The Chapter 671 cover illustration of ‘Namirella’ fleeing the scene at midnight but leaving behind one ‘Cat Burglar’ brand pump (a not-so-glassy slipper) gives me a pair of footwear ideas under that brand: Pussy Foot sneakers and Kitten Heel mules.

Mostly good story – but the aftermath of “Traffy” undoing the last of the body swaps was a bit off-putting.  In particular, Captain Tashigi – who’s been looking at Vice Admiral Smoker’s ‘wearing’ of her body for at least several hours and has been in the Navy for many years – suddenly gets all missish upon returning to her own body.  She clamps her knees together and hides her face and exposed cleavage.  (Of course one also has to question Smoker’s wisdom in exposing so much of her skin in the first place given the cold weather and in removing her bra given the awkwardness of two-handed weaponry moves around (literally) free-swinging boobs.  And think about the back pain!  I just hope that he put her bra in a pocket – a favorite bra is a well-loved and not easily replaceable companion of the well-endowed woman.)  Then, according to Smoker, she starts “shrieking like a woman”.  Well, better than bellowing like a man.

Volume 69: Monet, the Happy Harpy (tank top says ‘Happy’ across the front – wonder how all of that appears in the original Japanese) shows off her striped legs and taloned claw feet.  Nico Robin is listed at 6’2″ – not too unusual in the US but in Japan??  Or maybe it’s because she comes from the West (Blue) – but even Nami at 5’7″ from the East Blue is quite tall for a Japanese woman.  Speaking of Nami, in the volume her waistband seems to be riding even lower (see late in Chapter 686 when she rescues Chopper from Monet’s snows) – to the point that I don’t see how they stay up on her hips while running… and unless she’s totally bereft of body hair, she’d have to do an impractical amount of shaving or waxing to maintain a nice look.  And then we have the SBS after Chapter 686 which states that Nami’s bust measurement is 38.5″ and Robin’s is 39.5″ – and that both wear a “J-cup”.  Even taking into account that a Japanese J-cup translates into an American H-cup that’s still painfully large – especially in proportion to their shoulder and rib cage (~25″ for Nami) dimensions (and waist – 23″ / 23.5″ – and hip – 34.5″ / 35.5″ – dimensions).

Volume 70: The conclusion of the Straw Hats’s battle against Caesar on Punk Hazard comes replete with Barbies in totally inappropriate outfits (e.g. Baby 5 in a French maid costume – and a cigarette sticking out of the side of her mouth… ewwh.  Speaking of Baby 5, she’s worse than Boa Hancock: she gives her heart to every male (especially scummy looking con men) ‘needs’ her thus allowing herself to be used.  Unlike Hancock she fights for love not with love – though she calls one of her signature fighting moves ‘Burning Passion’.  Usopp provides a sartorial contrast: shapeless hat with a wide, floppy brim; noise canceling headphones; goggles (hanging around his neck unless he’s engaged in battle); and baggy, old-style knickers that stop short a couple of inches above his over-the calf (but not form-fitting) boots.  Okay, so admittedly – unlike most of the rest of the male Straw Hat contingent – he often goes shirtless, showing his developed abs to advantage… but he’s still pretty scrawny and that doesn’t make up for those knickers.  Where’s the crew’s Ken?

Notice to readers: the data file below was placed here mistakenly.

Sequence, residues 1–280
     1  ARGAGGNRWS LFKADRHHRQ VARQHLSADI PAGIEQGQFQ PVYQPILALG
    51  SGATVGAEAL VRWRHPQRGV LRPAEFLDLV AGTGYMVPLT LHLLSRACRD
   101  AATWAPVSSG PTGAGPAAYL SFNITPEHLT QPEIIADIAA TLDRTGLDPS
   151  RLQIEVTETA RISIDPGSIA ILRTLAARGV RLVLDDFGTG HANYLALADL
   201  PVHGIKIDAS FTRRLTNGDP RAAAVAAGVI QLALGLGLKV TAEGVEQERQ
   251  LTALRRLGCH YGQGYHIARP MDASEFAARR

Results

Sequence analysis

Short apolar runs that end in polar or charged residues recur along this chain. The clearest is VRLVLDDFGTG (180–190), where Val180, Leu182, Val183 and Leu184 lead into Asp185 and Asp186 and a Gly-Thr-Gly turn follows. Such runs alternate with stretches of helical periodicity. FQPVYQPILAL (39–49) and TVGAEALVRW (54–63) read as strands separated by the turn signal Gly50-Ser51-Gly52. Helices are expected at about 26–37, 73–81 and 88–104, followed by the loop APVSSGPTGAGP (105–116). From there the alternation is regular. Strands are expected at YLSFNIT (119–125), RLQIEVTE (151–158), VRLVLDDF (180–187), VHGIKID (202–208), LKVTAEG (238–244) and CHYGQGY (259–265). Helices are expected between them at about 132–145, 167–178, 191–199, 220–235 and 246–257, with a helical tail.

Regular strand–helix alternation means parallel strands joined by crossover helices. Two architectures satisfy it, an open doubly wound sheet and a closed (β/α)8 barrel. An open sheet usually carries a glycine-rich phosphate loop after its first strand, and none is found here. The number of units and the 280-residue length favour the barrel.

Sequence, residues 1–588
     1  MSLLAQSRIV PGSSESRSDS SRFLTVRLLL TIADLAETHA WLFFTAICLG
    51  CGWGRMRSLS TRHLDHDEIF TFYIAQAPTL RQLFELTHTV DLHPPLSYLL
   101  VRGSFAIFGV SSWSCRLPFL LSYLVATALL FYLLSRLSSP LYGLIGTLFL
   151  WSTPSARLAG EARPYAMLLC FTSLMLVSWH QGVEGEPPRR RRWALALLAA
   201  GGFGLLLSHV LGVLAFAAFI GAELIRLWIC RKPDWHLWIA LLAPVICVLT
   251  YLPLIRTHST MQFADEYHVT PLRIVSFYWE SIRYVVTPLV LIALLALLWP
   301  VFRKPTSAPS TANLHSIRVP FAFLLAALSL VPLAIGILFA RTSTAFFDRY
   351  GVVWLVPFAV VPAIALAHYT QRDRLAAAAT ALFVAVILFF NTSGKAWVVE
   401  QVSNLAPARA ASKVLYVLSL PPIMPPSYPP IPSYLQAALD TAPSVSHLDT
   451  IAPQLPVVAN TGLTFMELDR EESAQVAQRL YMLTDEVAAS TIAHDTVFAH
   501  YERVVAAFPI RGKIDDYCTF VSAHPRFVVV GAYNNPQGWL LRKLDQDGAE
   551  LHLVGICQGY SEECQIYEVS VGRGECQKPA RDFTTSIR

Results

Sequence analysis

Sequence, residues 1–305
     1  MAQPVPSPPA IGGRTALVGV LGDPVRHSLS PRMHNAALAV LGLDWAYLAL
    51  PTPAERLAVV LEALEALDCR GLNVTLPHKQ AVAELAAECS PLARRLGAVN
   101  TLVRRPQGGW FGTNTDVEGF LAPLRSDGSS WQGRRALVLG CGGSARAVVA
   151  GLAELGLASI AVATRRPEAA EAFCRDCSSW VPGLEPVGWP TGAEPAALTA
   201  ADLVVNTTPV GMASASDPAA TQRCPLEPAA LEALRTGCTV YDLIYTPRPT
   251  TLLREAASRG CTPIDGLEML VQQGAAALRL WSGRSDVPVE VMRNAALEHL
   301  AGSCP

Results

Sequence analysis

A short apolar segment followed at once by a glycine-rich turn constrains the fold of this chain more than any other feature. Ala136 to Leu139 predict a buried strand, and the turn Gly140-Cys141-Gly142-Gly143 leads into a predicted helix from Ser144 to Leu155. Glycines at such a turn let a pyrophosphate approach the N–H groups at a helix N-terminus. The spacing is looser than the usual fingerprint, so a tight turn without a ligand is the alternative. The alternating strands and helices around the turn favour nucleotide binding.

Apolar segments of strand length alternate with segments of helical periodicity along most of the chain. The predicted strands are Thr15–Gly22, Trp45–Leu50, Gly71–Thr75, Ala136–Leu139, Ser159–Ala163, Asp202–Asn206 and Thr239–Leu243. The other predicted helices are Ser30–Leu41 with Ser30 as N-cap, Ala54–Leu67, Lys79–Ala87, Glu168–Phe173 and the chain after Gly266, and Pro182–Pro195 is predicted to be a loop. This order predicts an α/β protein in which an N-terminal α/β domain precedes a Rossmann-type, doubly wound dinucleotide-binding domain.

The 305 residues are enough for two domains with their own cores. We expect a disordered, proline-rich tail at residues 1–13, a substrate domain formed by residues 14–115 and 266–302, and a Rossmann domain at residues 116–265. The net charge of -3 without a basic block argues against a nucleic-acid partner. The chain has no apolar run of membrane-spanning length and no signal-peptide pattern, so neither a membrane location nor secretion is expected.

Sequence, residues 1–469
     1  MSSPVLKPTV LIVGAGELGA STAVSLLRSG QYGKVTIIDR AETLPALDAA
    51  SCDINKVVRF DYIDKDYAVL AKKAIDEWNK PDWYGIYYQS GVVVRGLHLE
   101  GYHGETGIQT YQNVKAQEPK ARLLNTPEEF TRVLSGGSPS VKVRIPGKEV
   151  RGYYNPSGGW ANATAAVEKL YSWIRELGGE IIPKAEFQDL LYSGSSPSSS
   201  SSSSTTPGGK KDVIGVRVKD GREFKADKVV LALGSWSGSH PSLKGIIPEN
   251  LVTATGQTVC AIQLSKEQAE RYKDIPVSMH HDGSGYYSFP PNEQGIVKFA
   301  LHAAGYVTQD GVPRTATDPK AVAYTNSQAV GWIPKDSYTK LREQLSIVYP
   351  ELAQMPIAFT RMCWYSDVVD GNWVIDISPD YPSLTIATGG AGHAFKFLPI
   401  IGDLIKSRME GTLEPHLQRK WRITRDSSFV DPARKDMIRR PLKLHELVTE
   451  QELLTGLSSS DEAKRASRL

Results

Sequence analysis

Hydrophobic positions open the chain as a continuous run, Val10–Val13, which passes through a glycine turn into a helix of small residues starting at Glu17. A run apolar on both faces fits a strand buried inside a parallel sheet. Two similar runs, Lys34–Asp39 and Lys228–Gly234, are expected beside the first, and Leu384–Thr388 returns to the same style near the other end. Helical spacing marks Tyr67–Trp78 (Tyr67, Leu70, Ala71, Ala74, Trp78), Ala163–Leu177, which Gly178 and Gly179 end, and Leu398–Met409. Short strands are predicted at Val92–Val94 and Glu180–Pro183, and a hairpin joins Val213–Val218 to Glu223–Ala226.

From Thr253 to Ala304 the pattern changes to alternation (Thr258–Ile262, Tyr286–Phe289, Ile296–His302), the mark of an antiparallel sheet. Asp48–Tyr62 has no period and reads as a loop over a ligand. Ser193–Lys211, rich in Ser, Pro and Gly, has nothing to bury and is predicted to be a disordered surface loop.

Volume 71: Creepiness with the young Momonosuke fondling Nami’s (over-sized) breasts.  The Straw Hats proceed to Dressrosa and Greenbit to deliver Caesar to Doflamingo (‘doh-flamingo’ as opposed to the much more Latin Don Flamingo).  Doflamingo has lured Luffy into a big arena fight by offering what was Ace’s Flame-flame Devil Fruit as the winner-takes-all prize.  This provides Oda’s illustration crew opportunity to create lots of odd characters such as the gladiator Señor Pink, a heavy Marlon Brando type but with a pacifier instead of a stogie and wearing a ruffled baby bonnet.  Of course racist stereotypes and lolling tongues abound – Abdullah and Jeet, “former bounty hunters, wanted for bombing government buildings” were particularly objectionable.  And then there’s “beautiful” White Knight Cavendish whom I thought was a woman for several pages until the bit about women everywhere having his Wanted poster on their bedroom walls.  Upon looking more closely at his first full-length appearance I noted that his shirt opened to the waist showing well-developed pecs.  The SBS at the end of Chapter 704 was very objectionable with the response to the letter about the drunken father implying that the problem was with the mother for objecting to the drunkenness instead of just forgiving the father’s behavior.  And the final objection is to the Lilliputian-like Tontattas who speak with a lisp – kind of a bad form of baby talk.

Volume 75: The plot of this volume was a bit dizzying as it shifted back and forth between battles raging around Dressrosa.  Doflamingo’s unsavory family members – most notably Senor Pink and Dellinger – are still in the battle, unfortunately.  Usopp was rendered a god – but not for any particular bravery on his part; his time building his powers during his sabbatical evidently didn’t do much to strengthen his character – too bad.  The SBS columns had the usual mix of puerile humor – including discussions of sharks having two penises and the appeal of Senor Pink.  I did like the chapter header depicting the “Lost little sea-kitten”.

Volume 76: We get partway into the origin story of Traffy (Trafalgar Law) and Doffy (Doflamingo) – but only after a few chapters of confusing and sometimes mildly disgusting battle scenes.